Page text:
MIGUEL LLOBET SOLÉS (1878 - 1938)
The opening of the twentieth century ushered in a new era for the classical guitar. With a new face-lift and some structural changes, as well as the performances and compositions of Francisco Tárrega, the guitar was launched and firmly established on a course that has seen it develop into one of the most widespread string instruments today. Two guitarists, Miguel Llobet and Andrés Segovia (1893–1987), are largely responsible for this increased popularity. Segovia did not study with Tárrega; he admits, however, to an indirect influence through Llobet. Llobet took the necessary steps to continue what Tárrega had started: create new music, make transcriptions of contemporary composers, develop and expand pedagogical practices for the guitar. Tárrega never toured outside Western Europe, whereas Llobet moved into the life of an international concert artist at the opening of the twentieth century by travelling to venues on other continents.
Miguel Llobet Soles was born on 18 October 1878, and died on 22 February 1938 in Barcelona. In 1889 he began studying the instrument with Magín Alegre who in that same year took him to hear the blind Spanish virtuoso of the guitar Antonio Jimenez Manjón (1866–1919). It was after this concert that Llobet decided upon the guitar as his life’s ambition; he stated that Manjón had left an indelible impression upon him. At the age of sixteen Llobet attended the Municipal Conservatory of Music where he continued his studies with Tárrega. Some of the students and friends at this music institute were Pablo Casals, Emilio Pujol, Ricardo Viñes, Gaspar Cassadó and other Catalonian notables. Llobet’s first public appearance took place in 1901 at the Conservatory of Valencia. In 1904 his friend and compatriot Ricardo Viñes, the noted pianist and interpreter of Debussy keyboard works, presented him in his first concert outside Spain, in Paris.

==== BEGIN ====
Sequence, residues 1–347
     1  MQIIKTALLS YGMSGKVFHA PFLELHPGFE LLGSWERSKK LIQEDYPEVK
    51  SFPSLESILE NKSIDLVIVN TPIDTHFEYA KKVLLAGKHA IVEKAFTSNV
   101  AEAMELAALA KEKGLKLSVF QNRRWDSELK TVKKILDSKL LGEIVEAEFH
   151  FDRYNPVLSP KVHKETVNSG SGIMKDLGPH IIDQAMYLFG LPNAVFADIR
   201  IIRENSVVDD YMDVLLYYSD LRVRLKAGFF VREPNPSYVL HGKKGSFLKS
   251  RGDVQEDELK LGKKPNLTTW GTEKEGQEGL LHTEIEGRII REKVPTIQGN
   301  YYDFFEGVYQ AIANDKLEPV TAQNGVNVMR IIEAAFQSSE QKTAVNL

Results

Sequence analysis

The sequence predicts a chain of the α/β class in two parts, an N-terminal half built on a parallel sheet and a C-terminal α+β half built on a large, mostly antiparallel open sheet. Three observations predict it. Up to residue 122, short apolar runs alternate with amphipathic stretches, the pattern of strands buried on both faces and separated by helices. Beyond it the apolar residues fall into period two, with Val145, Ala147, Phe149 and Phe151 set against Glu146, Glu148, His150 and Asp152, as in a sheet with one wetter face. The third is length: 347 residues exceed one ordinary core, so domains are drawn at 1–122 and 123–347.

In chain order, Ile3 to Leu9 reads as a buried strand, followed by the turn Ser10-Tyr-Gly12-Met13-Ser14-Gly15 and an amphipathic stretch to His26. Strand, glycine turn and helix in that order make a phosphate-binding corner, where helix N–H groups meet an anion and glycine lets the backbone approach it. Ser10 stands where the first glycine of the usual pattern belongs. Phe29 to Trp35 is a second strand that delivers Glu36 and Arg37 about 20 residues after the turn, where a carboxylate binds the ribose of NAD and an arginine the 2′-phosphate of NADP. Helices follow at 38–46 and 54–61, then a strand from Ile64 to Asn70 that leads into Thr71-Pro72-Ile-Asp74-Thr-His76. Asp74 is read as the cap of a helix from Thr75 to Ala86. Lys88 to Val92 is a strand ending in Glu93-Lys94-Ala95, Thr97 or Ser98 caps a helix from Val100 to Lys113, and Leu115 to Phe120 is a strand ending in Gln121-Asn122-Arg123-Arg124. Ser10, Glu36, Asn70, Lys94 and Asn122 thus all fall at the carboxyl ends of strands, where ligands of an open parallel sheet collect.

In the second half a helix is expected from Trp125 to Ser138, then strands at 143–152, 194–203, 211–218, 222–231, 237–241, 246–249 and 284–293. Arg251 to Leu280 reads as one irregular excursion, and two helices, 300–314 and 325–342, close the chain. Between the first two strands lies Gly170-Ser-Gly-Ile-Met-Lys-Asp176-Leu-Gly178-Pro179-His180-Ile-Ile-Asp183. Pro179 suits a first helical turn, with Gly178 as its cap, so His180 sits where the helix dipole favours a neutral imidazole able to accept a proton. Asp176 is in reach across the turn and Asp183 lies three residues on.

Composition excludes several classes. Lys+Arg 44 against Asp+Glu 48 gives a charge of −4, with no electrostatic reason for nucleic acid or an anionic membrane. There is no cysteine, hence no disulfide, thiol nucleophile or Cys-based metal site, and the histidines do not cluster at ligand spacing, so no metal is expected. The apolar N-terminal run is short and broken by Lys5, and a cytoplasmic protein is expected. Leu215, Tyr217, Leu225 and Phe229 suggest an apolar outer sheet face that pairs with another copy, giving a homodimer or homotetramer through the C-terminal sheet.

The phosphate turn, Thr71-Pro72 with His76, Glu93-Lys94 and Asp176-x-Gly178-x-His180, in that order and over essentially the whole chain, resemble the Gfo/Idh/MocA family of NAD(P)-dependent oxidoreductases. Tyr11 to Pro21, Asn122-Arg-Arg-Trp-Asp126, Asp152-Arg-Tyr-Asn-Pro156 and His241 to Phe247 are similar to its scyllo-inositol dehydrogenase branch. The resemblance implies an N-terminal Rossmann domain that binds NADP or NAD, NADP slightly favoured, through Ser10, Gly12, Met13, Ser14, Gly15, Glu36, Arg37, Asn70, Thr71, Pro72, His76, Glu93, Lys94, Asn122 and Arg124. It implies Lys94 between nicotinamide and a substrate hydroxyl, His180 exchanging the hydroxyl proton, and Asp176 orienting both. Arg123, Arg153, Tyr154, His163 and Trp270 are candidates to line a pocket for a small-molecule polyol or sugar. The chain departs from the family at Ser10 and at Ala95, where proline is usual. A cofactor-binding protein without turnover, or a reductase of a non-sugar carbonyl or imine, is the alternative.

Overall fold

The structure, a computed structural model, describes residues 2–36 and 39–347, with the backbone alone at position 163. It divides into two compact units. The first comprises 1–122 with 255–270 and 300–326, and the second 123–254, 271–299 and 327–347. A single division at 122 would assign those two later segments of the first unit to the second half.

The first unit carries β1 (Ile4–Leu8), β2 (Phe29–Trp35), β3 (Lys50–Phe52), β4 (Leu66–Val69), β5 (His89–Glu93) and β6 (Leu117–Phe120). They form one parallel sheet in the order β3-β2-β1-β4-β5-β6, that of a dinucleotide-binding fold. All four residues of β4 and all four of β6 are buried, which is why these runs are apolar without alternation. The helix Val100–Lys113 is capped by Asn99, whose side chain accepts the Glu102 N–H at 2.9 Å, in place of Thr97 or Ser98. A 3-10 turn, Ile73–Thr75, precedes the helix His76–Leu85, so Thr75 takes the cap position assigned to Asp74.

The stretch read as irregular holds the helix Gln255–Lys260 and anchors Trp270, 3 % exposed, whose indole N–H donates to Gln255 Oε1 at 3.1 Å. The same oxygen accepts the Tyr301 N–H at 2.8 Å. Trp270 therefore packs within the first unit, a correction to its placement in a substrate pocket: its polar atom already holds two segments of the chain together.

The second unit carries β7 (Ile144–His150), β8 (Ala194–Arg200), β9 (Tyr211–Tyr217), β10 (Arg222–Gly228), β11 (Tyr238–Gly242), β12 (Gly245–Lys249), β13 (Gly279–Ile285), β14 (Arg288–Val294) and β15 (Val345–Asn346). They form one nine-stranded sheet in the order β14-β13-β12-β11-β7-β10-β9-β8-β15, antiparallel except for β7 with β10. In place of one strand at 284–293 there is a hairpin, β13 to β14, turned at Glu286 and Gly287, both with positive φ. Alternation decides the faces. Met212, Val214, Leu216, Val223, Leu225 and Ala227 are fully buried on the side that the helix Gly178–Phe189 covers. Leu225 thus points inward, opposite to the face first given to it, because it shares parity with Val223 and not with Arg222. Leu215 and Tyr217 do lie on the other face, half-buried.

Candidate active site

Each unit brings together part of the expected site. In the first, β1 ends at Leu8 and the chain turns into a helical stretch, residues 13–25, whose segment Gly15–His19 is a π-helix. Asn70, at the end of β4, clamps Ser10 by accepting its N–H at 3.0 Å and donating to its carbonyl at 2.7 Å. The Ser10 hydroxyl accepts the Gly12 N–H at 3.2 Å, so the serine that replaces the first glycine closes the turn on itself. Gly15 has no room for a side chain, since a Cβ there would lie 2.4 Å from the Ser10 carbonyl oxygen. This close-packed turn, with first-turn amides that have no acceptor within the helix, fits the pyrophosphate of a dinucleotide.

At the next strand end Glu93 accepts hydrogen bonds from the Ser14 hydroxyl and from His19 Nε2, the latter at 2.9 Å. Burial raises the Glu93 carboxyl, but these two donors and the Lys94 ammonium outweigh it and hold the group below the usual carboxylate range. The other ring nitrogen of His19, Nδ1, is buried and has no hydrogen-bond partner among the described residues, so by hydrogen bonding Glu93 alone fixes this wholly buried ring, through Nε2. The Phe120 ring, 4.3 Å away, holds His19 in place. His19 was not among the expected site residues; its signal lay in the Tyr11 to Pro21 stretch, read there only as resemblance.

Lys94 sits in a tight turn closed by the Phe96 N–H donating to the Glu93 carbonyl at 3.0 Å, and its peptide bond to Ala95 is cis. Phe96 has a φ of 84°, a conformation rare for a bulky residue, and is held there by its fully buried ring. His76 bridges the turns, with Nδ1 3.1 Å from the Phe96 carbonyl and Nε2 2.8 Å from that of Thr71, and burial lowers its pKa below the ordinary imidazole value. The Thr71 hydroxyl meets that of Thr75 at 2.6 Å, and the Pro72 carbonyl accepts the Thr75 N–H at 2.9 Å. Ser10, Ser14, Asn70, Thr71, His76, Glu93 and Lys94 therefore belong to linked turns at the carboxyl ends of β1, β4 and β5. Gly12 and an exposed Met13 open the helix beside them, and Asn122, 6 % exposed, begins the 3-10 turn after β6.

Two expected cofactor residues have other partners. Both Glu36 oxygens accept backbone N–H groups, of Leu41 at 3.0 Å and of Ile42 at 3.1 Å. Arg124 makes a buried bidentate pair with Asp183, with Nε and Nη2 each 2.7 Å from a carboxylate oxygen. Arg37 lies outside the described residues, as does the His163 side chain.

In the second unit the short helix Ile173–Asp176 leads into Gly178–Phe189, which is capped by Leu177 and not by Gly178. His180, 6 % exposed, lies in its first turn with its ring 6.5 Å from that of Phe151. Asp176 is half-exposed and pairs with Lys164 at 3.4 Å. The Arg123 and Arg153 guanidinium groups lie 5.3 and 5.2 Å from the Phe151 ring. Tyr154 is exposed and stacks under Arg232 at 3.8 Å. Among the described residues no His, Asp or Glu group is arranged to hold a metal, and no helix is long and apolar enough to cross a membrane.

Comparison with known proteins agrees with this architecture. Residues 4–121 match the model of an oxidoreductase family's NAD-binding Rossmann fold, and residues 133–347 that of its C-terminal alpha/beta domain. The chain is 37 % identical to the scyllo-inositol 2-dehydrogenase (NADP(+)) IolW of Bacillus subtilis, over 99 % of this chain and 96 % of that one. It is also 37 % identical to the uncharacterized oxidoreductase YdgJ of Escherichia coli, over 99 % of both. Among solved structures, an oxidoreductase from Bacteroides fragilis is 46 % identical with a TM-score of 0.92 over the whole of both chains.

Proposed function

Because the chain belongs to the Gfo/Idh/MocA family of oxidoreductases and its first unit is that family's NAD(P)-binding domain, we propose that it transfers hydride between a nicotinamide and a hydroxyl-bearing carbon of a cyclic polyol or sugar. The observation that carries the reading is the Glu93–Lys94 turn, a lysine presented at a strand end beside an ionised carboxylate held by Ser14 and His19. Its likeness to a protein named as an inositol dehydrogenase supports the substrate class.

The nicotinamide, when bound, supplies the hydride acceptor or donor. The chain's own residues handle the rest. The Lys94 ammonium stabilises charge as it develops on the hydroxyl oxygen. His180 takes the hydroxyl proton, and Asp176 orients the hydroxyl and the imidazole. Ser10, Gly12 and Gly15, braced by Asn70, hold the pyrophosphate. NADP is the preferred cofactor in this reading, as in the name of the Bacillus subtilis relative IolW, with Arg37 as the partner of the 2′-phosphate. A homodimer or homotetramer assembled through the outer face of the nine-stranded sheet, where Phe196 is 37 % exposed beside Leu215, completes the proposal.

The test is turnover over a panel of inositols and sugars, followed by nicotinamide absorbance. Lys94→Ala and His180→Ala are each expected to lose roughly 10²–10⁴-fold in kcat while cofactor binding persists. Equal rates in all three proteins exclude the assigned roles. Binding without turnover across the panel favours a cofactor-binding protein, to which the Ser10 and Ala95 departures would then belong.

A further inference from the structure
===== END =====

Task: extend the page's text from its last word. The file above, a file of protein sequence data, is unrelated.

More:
While living in Paris from 1905 to 1910 Llobet gave concerts throughout continental Europe and the British Isles. His first concert in South America was given in 1910. In Buenos Aires Llobet made a temporary home, periodically leaving on concert tours that took him north through Brazil and into Central America and the Caribbean. By 1912 his tours had brought him to the United States. At the outbreak of World War I, Llobet returned to Buenos Aires, where he gave concerts and taught some students. The concerts given during the war years continued to reach as far north as the United States. After 1930 he settled in Barcelona to teach and give occasional concerts. In 1934 he offered concerts in Vienna, Germany and other parts of Western Europe.
By 1937 Llobet was back in Barcelona during one of the most difficult sieges upon his hometown at the time of the Spanish Civil War. Jaime Pahissa (in his book, Manuel de Falla) says that when he saw Llobet at this time, “he was wandering through the streets of Barcelona and he seemed absolutely crushed, overwhelmed by circumstances and completely apathetic”. Soon after, his health began to fail, whereupon he contracted pleurisy and died the following year.
Llobet’s publications number approximately 75. To Miguel Llobet is given the credit for bringing the classic guitar into the modern musical world of international concert tours, for contributing new works to the repertoire, for presenting to the public in performance the new works of such composers as Falla, Villa Lobos, Ponce and others, for teaching, organizing and expanding the pedagogical principles of Tárrega, and, of utmost importance, for having made the first electric recordings of the classic guitar.